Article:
A very brief summary of how the protocol works: There is an "endpoint mapper" that runs on TCP port 135. You can bind to that port on a remote computer anonymously and enumerate all the various RPC services available on that computer.  The services may be using named pipes or TCP/IP.  Named pipes will use port 445.  The services that are using TCP are each dynamically allocated their own TCP ports, which are drawn from a pool of port numbers. This pool of port numbers is by default 1024-5000 on XP/2003 and below, and 49152-65535 on Vista/2008 and above. (The ephemeral port range.) You can customize that port range that RPC will use if you wish, like so:

reg add HKLM\SOFTWARE\Microsoft\Rpc\Internet /v Ports /t REG_MULTI_SZ /f /d 8000-9000
reg add HKLM\SOFTWARE\Microsoft\Rpc\Internet /v PortsInternetAvailable /t REG_SZ /f /d Y
reg add HKLM\SOFTWARE\Microsoft\Rpc\Internet /v UseInternetPorts /t REG_SZ /f /d Y

And/Or

netsh int ipv4 set dynamicport tcp start=8000 num=1001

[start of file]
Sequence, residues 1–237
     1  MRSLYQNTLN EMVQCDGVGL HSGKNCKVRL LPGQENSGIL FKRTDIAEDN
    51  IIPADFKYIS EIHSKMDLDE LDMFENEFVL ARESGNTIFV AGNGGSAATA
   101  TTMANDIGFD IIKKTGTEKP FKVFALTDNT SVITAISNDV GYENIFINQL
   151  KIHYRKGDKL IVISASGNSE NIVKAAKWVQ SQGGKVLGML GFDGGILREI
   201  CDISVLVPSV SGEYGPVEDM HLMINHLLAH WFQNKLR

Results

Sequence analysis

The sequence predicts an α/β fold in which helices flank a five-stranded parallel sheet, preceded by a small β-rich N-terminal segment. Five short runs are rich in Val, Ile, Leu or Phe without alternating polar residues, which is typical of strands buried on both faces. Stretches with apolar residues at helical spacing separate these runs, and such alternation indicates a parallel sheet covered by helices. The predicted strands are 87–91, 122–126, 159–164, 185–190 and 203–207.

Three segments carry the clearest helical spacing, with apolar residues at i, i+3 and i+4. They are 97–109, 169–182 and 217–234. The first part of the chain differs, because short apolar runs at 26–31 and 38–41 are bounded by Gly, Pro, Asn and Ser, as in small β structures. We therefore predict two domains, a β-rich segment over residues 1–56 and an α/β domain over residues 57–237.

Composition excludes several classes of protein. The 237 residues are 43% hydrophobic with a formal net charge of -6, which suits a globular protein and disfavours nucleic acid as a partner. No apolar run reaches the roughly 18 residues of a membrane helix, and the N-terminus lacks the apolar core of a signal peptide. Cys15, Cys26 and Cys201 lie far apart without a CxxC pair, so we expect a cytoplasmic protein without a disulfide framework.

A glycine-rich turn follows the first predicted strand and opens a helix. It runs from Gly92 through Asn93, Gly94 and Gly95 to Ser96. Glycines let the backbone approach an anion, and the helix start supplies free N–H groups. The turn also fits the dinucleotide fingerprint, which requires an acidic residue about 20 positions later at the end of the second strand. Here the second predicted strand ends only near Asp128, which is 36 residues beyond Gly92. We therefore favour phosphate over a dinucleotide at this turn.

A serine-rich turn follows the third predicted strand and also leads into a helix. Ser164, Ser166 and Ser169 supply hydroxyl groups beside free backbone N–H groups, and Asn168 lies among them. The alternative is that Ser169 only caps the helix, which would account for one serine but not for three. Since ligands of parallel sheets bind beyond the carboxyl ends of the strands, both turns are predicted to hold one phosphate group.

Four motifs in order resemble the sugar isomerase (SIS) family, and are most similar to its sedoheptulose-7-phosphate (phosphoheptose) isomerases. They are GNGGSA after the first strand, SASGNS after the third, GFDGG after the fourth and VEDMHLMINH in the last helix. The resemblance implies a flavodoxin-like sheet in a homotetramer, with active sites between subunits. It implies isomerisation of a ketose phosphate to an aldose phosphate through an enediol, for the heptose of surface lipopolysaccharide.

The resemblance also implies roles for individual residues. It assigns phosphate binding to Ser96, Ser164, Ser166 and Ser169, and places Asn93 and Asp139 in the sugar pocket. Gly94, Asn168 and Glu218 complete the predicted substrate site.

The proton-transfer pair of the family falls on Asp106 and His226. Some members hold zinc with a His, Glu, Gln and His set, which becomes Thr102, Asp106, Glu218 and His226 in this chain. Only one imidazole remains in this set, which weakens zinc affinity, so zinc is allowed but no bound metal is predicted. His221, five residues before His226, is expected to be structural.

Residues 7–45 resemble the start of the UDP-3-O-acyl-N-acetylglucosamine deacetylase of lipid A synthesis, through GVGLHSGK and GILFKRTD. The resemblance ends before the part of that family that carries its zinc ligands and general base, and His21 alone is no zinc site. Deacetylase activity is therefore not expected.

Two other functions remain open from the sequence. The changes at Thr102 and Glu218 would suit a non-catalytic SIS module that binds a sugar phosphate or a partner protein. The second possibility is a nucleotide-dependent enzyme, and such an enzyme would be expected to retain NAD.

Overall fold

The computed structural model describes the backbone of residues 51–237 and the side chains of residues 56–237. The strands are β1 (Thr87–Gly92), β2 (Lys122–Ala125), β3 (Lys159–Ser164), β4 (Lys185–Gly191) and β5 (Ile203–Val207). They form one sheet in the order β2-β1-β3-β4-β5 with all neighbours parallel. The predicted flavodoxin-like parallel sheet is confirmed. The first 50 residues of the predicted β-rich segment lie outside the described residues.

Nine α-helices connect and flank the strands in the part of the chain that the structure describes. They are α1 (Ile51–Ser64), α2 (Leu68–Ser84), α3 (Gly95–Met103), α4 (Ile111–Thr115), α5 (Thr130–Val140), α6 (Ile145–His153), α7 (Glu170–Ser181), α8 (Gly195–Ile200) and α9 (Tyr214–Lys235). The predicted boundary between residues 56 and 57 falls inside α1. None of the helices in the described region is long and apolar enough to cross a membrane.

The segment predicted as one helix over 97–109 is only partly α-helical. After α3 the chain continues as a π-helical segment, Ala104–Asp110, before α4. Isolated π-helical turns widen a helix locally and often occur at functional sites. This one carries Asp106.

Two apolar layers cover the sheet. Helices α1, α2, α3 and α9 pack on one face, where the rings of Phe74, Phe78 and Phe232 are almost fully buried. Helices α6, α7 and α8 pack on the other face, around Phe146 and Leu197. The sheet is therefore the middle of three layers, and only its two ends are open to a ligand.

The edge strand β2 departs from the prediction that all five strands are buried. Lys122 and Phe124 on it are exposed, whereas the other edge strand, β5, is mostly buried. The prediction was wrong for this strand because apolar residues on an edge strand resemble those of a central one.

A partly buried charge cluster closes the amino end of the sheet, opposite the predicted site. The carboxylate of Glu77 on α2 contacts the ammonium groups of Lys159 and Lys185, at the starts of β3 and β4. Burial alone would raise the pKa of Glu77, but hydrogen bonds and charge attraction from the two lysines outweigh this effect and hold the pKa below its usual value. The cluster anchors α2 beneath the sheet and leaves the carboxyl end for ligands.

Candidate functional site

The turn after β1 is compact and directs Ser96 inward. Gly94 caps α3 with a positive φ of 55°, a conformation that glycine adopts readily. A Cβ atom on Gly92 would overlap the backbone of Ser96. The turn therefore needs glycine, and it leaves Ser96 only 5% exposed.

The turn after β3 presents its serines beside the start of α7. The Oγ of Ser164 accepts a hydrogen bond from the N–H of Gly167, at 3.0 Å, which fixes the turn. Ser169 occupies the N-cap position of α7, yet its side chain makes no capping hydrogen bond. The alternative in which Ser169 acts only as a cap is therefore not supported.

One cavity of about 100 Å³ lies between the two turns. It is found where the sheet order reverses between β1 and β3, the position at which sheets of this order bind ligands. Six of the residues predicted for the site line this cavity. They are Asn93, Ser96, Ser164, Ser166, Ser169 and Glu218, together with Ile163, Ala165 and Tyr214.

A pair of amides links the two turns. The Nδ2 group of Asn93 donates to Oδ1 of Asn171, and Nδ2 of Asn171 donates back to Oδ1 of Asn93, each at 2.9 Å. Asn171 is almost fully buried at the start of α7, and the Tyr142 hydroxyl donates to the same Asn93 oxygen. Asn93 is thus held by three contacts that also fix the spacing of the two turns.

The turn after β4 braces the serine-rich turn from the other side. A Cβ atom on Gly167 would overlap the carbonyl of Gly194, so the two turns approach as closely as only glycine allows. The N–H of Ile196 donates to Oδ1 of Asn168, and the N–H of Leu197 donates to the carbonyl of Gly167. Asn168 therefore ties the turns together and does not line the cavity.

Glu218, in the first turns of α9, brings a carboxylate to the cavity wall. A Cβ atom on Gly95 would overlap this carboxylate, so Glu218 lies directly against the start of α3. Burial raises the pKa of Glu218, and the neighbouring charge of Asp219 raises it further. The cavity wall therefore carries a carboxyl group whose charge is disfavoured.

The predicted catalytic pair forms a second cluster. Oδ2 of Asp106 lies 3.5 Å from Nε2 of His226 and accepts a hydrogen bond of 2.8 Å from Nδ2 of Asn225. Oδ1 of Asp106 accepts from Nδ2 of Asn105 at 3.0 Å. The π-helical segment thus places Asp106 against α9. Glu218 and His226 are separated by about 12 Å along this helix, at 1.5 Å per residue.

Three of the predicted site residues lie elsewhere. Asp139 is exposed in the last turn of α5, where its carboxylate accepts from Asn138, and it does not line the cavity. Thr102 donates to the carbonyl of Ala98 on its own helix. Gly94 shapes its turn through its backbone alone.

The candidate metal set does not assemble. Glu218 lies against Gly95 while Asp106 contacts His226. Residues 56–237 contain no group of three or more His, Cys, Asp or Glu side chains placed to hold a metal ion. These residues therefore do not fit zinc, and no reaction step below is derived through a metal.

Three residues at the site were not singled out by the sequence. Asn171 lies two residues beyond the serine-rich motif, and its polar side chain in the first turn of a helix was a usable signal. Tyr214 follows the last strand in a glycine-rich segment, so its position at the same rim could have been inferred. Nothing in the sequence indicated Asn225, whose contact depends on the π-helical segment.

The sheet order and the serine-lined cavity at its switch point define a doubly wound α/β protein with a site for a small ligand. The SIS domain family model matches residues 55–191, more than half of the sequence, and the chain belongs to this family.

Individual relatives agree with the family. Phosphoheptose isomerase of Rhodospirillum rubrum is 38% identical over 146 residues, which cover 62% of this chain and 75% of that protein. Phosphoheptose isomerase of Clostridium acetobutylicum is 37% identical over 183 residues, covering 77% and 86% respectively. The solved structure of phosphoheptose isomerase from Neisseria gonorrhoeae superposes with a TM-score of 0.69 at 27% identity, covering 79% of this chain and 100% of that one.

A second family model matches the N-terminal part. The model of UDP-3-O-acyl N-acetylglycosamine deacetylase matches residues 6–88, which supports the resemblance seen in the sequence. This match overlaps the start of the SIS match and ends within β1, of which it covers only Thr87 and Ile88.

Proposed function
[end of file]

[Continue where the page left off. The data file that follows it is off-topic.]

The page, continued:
netsh int ipv4 set dynamicport udp start=8000 num=1001
netsh int ipv6 set dynamicport tcp start=8000 num=1001
netsh int ipv6 set dynamicport udp start=8000 num=1001

This is why we have to query the endpoint mapper first, because we can't just guess exactly which port we need to connect to for a particular service.

So, I wrote a little something in Powershell that will test the network connectivity of a remote machine for RPC, by querying the endpoint mapper, and then querying each port that the endpoint mapper tells me that it's currently using.


#Requires -Version 3
Function Test-RPC
{
    [CmdletBinding(SupportsShouldProcess=$True)]
    Param([Parameter(ValueFromPipeline=$True)][String[]]$ComputerName = 'localhost')
    BEGIN
    {
        Set-StrictMode -Version Latest